Head of Animation Kira Lehtomaki shared some insight into the extensive research for this scene. “We needed to figure out where we should go and why don’t we go to the source, so we got in our cars and went to the Happiest Place on Earth to be able to talk to these ladies in person. We could ask them questions, we could learn about their gestures. They taught us a lot, but of course the other source of inspiration were the original voices of these princesses and it was incredible. The fan girl in me was about to explode when I learned that this was going to happen. But the idea that they came back and voiced these characters added so much authenticity to their movements and their roles. Most of them have lived with these characters the majority of their careers. They know them inside and out. They bring so much of themselves to the role as well, and we were very fortunate in that many of them came and spoke to our animation department directly and ask them ‘How would Ariel respond to this situation?’ and ‘What would Belle do here?’ They were such a wealth of information.”
Jodi Benson, Paige O’Hara, Linda Larkin, Irene Bedard, Ming-Na Wen, Anika Noni Rose, Mandy Moore, Kelly MacDonald, Idina Menzel, Kristin Bell, and Auli’i Cravalho all returned to the characters they originated. “We did the scene first with temp voices so we knew what the scene was all about when we went to them,” Rich Moore explained. “We sent them the sides so everyone knew what the scene was like and we thought, well, I hope everyone’s game to do something that’s part irreverent but respectful of their characters at the same time. And every single actress that we went to loved the idea and actually when they came in, helped kind of elevate the comedy as an actor does. They would point out ‘Well, my character wouldn’t say it like that, they would say it more like this.’ And it just added that extra layer of authenticity to the princesses because as we got to work with each one of them, they became really apparent to us that they really embody those characters.”
Another resource to the animators was Mark Henn. “He was the original Supervising Animator for five of these ladies,” Kira Lehtomaki shared. “He did Ariel, Belle, Jasmine, Mulan, and Tiana and on Frozen, he was our draw-over lead for Anna and Elsa. On top of all that, Mark says that Cinderella is what inspired him to become an animator to begin with. So nobody knows these ladies better than Mark and we were more than fortunate to have him along on the journey with us through every part of the process. He would do drawings over our poses, he went through every scene in the film during our rounds and dailies just to make sure that we were being true to who these ladies were. He would also go around to our desks and leave these little gifts of thumbnail illustrations to suggest poses or acting choices, just little nuggets of gold from his expertise brain. And then one of my favorite parts was that he actually did some hand drawn animation to help teach us and inspire us and it was incredible to watch Mark animate Ariel almost 30 years after the original film. It’s really incredible to have Mark and to have such a through line of our legacy here. He was so instrumental in the entire part of the process.”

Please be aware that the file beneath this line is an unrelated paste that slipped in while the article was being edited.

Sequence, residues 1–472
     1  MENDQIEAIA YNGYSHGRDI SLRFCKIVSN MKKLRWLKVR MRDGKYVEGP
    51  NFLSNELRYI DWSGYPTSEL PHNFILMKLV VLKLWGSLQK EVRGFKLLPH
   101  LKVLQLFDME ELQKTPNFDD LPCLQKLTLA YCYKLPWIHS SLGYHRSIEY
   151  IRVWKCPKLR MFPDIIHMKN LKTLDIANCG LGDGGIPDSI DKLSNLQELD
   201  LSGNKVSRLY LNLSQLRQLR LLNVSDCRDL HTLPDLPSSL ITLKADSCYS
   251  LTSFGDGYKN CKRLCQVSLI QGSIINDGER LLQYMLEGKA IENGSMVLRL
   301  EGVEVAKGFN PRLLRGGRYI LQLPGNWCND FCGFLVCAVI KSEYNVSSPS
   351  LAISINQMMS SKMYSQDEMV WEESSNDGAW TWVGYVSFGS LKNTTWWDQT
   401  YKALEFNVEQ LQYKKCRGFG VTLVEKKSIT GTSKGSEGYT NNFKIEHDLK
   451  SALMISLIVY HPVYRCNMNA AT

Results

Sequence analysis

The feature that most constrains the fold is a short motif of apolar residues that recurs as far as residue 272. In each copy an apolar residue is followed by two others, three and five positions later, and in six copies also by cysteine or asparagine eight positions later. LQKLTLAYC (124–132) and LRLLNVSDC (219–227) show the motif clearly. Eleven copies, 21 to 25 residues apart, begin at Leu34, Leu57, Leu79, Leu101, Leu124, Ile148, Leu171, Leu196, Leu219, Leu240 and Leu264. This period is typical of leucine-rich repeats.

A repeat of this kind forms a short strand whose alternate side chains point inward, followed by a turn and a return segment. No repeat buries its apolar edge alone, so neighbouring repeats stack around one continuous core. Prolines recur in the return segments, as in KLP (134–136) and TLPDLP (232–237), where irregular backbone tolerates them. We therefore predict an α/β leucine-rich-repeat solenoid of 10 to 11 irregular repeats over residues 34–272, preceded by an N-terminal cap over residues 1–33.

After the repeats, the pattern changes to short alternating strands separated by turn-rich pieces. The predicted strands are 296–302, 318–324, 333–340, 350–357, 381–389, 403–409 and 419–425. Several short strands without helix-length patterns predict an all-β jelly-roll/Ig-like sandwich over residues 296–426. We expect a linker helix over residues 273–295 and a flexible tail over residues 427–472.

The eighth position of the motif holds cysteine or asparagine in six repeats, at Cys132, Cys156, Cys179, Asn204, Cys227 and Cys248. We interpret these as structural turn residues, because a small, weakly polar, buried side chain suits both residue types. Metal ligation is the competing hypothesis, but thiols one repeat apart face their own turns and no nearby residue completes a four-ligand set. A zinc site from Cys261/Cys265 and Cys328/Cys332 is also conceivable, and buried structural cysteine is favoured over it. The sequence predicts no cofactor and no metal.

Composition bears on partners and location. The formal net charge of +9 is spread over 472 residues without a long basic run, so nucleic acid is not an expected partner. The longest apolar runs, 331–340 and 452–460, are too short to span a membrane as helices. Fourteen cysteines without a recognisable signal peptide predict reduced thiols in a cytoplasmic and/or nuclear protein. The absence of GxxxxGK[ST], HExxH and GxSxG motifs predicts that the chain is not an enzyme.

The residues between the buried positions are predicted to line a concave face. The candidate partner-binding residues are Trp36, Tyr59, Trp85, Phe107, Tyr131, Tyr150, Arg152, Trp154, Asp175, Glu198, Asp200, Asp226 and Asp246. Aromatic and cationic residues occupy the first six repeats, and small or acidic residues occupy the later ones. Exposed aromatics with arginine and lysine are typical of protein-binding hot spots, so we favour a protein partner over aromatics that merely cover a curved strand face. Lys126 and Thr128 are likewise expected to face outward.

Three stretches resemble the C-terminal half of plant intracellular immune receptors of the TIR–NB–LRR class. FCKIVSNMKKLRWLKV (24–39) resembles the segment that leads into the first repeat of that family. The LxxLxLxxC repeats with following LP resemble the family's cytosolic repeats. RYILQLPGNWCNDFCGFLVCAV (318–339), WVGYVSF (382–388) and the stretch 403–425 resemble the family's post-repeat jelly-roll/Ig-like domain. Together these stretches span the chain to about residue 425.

Disney Animation fans can hear more answers from KnowsMore on November 21st when we explore the Internet with Ralph and Vanellope in Ralph Breaks the Internet.
Alex has been blogging about Disney films since 2009 after a lifetime of fandom. He joined the Laughing Place team in 2014 and covers films across all of Disney’s brands, including Star Wars, Marvel, and Fox, in addition to books, music, toys, consumer products, and food. You can hear his voice as a member of the Laughing Place Podcast and his face can be seen on Laughing Place’s YouTube channel where he unboxes stuff.